It’s worth to mention that the clients of QuadrigaCX had problems with the exchange for a long time — mainly related to the withdrawal of funds. The first wake-up calls took place in March 2018, when press reports negatively about delays in the withdrawal of funds the total amount of which exceeded $100,000. But that’s all just moonshine compared to the fact that in June 2017 the exchange platform lost about 15 million Canadian dollars — as explained to the community, due to a bug in the smart contract. As a result, the Canadian Imperial Bank of Commerce (CIBC) froze about $22 million in QuadrigaCX accounts. This happened in November 2018, and for all users, it would have meant the end of a remarkable business but Mr. Cotten wasn’t explaining the problems to customers, wasn’t trying to solve them, and so on. He had just married and went on a honeymoon trip to pass away exactly two weeks after freezing the accounts.
As the inconsolable widow stated in her testimony:
“To the best of my knowledge, most of the businesses of these companies was being conducted by Gerry whenever and wherever he and his computer were located”.
In February 2019, the head of Coinbase — Brian Armstrong unveiled the results of an independent investigation into the QuadrigaCX. He reported on his Twitter account the following:
“Sequence of events suggests this was a mismanagement with later attempt to cover for it.” “This implies that at least few people inside Qadriga knew that they were running fractional. If so, then it’s possible that untimely death of their CEO was used as an outlet to let the company sink”.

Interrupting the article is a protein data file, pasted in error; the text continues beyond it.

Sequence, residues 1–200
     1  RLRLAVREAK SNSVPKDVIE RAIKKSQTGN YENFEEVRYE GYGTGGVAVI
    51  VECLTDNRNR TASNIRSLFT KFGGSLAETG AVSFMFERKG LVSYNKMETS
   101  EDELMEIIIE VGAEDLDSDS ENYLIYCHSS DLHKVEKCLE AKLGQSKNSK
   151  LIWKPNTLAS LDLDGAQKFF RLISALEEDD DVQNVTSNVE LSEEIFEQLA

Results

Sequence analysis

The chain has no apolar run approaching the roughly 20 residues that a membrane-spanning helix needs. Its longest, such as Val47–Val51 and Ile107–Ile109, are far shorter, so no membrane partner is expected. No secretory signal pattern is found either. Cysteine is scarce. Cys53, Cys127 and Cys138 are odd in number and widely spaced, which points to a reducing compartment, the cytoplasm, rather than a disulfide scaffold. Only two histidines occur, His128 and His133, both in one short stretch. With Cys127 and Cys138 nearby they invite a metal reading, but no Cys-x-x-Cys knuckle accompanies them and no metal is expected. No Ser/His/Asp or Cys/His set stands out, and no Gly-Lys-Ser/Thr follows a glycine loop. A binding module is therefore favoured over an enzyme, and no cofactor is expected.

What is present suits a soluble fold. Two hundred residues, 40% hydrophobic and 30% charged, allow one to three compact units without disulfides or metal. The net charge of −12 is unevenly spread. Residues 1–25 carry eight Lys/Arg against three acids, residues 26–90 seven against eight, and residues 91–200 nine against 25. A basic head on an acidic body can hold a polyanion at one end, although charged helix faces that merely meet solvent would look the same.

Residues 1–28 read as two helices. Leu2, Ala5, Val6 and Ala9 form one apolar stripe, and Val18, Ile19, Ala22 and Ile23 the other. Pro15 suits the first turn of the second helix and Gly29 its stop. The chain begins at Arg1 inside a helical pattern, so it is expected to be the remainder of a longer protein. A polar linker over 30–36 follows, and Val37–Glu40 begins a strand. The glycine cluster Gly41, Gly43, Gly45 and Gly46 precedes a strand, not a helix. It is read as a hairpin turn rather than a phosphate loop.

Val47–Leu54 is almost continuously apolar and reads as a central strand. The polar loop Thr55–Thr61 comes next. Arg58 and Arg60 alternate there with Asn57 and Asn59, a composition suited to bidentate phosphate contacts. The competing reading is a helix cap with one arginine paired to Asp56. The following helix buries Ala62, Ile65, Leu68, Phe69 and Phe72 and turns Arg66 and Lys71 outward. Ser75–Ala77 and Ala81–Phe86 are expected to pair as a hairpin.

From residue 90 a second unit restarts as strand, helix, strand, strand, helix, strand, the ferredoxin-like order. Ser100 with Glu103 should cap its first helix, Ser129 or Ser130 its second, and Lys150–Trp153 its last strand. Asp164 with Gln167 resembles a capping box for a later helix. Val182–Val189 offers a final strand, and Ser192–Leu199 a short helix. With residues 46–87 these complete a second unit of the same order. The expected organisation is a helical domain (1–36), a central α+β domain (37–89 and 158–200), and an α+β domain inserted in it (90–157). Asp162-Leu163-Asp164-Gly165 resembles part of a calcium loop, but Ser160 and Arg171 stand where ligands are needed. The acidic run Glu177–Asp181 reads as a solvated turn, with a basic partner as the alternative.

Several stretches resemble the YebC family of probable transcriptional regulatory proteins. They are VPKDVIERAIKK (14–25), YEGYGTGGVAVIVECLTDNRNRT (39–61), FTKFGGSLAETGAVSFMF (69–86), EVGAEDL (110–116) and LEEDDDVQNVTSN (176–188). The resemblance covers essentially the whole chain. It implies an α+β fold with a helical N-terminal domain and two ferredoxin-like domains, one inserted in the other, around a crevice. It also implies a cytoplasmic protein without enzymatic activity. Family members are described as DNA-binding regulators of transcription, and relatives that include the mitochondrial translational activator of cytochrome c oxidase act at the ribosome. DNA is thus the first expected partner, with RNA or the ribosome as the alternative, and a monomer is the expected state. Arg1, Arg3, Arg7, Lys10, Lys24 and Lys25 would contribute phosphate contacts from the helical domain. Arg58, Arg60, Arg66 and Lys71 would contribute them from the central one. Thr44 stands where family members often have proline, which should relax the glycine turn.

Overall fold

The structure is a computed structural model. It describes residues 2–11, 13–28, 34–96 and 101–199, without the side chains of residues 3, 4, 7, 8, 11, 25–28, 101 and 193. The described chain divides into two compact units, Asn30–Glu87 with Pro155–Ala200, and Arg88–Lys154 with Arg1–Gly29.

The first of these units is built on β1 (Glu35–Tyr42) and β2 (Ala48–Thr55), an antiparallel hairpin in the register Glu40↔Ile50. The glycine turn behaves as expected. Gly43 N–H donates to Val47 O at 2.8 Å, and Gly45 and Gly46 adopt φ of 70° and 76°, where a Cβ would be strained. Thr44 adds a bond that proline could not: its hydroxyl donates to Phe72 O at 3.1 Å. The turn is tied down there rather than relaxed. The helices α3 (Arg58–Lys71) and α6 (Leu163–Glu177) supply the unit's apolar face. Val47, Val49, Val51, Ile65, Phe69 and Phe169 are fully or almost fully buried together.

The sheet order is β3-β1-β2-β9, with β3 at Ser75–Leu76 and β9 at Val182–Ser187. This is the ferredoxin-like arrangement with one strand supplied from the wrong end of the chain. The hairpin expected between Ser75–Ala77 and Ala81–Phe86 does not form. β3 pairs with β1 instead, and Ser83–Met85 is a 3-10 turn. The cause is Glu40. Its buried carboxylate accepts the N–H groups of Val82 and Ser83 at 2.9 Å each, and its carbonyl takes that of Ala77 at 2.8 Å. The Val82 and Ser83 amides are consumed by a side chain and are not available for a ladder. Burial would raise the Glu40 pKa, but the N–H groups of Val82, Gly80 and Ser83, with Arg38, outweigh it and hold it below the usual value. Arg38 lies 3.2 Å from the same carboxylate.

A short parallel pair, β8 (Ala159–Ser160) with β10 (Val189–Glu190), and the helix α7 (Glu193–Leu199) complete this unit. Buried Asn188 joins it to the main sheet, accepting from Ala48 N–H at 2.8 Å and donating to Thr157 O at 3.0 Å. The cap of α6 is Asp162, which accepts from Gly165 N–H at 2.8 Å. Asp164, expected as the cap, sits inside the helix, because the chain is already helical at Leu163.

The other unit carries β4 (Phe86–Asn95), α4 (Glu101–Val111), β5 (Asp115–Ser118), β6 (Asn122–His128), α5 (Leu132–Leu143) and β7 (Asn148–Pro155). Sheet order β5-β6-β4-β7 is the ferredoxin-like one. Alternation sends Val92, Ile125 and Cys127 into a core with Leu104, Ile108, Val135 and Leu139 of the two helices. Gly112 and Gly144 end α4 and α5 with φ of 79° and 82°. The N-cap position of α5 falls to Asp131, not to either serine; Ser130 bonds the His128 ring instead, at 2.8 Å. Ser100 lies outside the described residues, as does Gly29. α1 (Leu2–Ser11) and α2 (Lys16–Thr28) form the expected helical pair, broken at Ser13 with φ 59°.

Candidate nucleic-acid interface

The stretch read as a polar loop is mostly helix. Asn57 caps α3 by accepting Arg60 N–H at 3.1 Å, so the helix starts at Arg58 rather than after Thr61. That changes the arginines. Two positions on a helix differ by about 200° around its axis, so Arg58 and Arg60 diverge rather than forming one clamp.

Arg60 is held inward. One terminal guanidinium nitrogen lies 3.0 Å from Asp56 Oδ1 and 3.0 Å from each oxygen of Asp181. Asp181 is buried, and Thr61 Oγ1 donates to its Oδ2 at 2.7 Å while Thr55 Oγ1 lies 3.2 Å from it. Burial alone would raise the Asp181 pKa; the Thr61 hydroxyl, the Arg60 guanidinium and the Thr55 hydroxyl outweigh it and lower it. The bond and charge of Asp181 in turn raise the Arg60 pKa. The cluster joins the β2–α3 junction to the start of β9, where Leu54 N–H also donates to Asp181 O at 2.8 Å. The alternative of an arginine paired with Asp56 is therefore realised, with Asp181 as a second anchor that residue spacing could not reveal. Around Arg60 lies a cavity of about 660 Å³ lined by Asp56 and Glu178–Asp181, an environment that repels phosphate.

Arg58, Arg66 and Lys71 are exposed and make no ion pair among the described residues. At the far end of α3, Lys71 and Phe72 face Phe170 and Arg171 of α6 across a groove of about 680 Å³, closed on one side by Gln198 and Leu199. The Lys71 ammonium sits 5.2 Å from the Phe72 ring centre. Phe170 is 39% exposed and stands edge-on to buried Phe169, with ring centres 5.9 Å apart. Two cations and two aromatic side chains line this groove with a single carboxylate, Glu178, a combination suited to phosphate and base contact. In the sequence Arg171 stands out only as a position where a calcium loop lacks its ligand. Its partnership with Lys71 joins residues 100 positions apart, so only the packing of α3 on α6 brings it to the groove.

Brian Armstrong stressed that QuadrigaCX users started complaining about problems with withdrawing money long before Gerald Cotten’s death. Thus, the company management decided to invent a story about private keys on the laptop of the CEO to hide the financial insolvency, one of the reasons for which could be inefficient management.
Nowadays, the Canadian cryptocurrency exchange QuadrigaCX is officially bankrupt. Users of the closed Quadriga are now leading legal battles in order to recover their funds. The total amount of which is about $190 million in crypto. The exact circumstances of the disappearance of user deposits remain uncertain.
Do you think the story with QuadrigaCX was Exit Scam or Mismanagement?
Bitfinex
One of the largest crypto scandals of the year broke out on April 30, 2019. The New York State Attorney General’s Office has filed serious accusations against the biggest exchange platform — Bitfinex. According to Leticia James, the exchange platform used the reserves of Tether, an affiliated company to cover up a loss of $850 million.
Questions to Tether have been in the air for a long time. In January 2018, the critics of the main stablecoin assumed that the company, in fact, produced more coins than it actually could sustain. Some critics accused the Bitfinex in fraud and manipulation of Tether’s rate and influenced through it on the price of Bitcoin.
So what’s up with the Bitfinex? Investigators of the prosecutor’s office claim that the lost money belonged to the clients and iFinex corporation. That is why, back in October 2018, Bitfinex started having problems with the withdrawal of the funds: the clients complained about long response time and a delay in receiving currency. According to the authorities, Bitfinex transferred $850 million to Crypto Capital Corp., the payment company. The Tether reserves were used to fill the gap, but this information was not disclosed to the public. According to the first data, Tether provided funding in the amount of at least $700 million for this purposes. Withdrawing this amount of currency severely shook faith in the idea that Tether tokens are indeed fully backed by dollars.